Life is elsewhere - LETTER FROM DUBLIN  
  NATIONAL BOOK CENTER OF GREECE Magazine VIVLIOFILIKI, Issue No 4, September 1997. Vicky Theodoropoulou, Letter from Dublin, Hestia Publishers & Booksellers, Athens 1997  




Greek Contemporary fiction has scarcely - if at all - contemplated on the subject of the dispersion of  Greek youths around the world during the seventies and eighties, to study and be lost in the offices of the European cities.  Some became rooted in the Western metropolis; some returned and - as distinguished members of the celebrated forty year-old generation - demanded tokens of merit in their homeland.





Vicky Theodoropoulou begins her writing itinerancy with characters chosen from this generation, her own generation.  “I wanted”, she says, “to speak the tale of the people of my age, who left and dispersed, to speak of their travels, of their come-and-go between Greece and the cities of the world.  Although the real reason for which this generation left Greece, was to study, to stand on its own feet, to earn tokens and inadvertently to travel”. 

The whole novel is a “street game”.  At first it seems like a game played along the streets of love or friendship experienced between the two key characters, Marina and Nasos.  But, soon, it becomes evident that the game is played along the streets treded by a part of this generation.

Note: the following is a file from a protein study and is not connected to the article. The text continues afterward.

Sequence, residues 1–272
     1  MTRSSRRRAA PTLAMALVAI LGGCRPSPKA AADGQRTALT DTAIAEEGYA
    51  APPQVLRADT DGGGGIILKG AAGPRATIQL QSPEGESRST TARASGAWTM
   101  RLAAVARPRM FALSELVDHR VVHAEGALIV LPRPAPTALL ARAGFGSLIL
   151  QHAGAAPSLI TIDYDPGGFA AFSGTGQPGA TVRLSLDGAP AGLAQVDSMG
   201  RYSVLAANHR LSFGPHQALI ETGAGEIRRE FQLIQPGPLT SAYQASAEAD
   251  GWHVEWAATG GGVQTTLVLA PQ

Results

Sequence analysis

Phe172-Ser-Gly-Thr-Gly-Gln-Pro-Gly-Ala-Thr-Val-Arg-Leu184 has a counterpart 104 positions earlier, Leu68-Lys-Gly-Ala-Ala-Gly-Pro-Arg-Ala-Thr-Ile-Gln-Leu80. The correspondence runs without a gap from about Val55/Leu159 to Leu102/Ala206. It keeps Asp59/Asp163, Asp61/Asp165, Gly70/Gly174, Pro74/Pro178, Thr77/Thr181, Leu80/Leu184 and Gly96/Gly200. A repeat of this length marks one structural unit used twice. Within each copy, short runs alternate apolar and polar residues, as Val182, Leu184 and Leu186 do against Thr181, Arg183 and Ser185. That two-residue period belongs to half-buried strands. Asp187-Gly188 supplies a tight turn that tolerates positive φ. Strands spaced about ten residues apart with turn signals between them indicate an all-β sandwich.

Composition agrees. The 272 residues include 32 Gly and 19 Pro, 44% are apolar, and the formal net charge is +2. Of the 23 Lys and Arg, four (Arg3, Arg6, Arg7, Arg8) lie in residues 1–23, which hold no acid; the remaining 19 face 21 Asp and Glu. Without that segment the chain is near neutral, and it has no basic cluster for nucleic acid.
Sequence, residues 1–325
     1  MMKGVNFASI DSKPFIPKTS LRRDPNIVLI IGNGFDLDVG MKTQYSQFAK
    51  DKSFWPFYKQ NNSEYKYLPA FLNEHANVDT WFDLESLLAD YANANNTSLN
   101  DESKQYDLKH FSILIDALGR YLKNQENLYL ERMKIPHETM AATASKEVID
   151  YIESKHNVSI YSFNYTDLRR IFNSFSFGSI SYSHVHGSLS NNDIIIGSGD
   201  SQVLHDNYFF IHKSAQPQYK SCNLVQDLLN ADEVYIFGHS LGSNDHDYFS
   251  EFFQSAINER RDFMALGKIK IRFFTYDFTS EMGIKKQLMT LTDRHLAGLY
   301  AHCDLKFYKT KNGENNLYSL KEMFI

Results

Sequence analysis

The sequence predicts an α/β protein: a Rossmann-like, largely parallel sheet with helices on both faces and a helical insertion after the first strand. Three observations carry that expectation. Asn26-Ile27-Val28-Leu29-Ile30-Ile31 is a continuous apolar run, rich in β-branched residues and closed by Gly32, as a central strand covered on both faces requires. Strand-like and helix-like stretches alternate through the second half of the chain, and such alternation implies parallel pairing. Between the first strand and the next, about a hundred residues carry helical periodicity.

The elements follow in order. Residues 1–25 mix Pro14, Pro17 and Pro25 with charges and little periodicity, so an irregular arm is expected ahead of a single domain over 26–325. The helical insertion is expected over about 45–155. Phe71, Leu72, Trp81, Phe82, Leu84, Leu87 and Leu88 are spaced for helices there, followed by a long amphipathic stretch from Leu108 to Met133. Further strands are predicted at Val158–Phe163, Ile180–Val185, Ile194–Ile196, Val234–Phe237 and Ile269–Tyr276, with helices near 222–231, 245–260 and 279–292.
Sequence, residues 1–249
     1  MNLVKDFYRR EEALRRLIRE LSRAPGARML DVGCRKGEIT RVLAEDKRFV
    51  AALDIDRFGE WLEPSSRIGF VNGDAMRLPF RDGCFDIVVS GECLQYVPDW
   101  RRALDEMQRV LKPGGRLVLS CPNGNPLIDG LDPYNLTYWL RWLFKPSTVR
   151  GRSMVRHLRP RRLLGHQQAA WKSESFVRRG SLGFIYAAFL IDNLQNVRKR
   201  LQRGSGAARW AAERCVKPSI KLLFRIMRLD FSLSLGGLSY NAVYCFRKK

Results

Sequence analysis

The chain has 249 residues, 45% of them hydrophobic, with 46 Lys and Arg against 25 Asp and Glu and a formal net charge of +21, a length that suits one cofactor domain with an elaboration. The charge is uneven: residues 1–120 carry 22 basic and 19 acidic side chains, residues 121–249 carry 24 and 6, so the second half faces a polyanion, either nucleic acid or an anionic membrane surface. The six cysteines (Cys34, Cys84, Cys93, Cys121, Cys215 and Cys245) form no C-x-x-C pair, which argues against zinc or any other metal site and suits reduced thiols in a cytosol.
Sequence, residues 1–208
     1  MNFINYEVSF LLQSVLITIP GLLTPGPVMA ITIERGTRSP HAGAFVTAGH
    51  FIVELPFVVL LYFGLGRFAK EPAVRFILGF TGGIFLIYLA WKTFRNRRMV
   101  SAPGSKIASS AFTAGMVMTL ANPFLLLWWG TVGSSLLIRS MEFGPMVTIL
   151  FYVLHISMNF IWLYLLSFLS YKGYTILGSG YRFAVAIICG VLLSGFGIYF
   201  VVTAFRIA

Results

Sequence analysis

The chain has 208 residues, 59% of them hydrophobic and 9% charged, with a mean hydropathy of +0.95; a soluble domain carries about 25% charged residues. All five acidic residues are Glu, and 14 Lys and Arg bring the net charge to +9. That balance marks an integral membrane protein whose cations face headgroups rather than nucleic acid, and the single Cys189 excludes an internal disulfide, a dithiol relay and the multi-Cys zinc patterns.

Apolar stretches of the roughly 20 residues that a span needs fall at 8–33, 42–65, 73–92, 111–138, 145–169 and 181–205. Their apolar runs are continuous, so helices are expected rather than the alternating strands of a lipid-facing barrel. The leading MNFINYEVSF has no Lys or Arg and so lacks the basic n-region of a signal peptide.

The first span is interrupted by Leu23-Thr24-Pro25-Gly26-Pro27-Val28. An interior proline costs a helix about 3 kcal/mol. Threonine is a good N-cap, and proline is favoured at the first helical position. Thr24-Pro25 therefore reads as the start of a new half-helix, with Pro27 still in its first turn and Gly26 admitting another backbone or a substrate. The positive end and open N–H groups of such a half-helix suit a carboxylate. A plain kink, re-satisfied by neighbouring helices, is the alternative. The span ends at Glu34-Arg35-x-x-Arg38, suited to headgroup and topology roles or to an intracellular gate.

The writer ties with dexterity these two games, the two levels of her work.  Her heroes’ common characteristic is a motto that Marina, the main heroine, phrased “Life is elsewhere”, even though each one of the company - it’s all about a large group of friends - perceives differently the meaning of this phrase.

Marina, outrageous as she is, always wants “to leave, to be lost, to dérive…”  Her life is not revealed, in contrast to her character, which is slowly and masterly built, mainly through her letters to Nasos - one from Porto, one from Barcelona and the last one from Dublin - which play a special role in the structure of the novel. 

Nasos - in love with Marina all his life - with his grand composure, leaves and settles down, creating the model of the composed citizen with career and power.  The writer wants Marina to reveal the funny side of Nasos.  The title of the novel, as the author points out, could have been “The funny side of Nasos Stavropoulos”.

Enchanting novel, revealing the author’s capabilities at her debut.

Dimitra Roumboula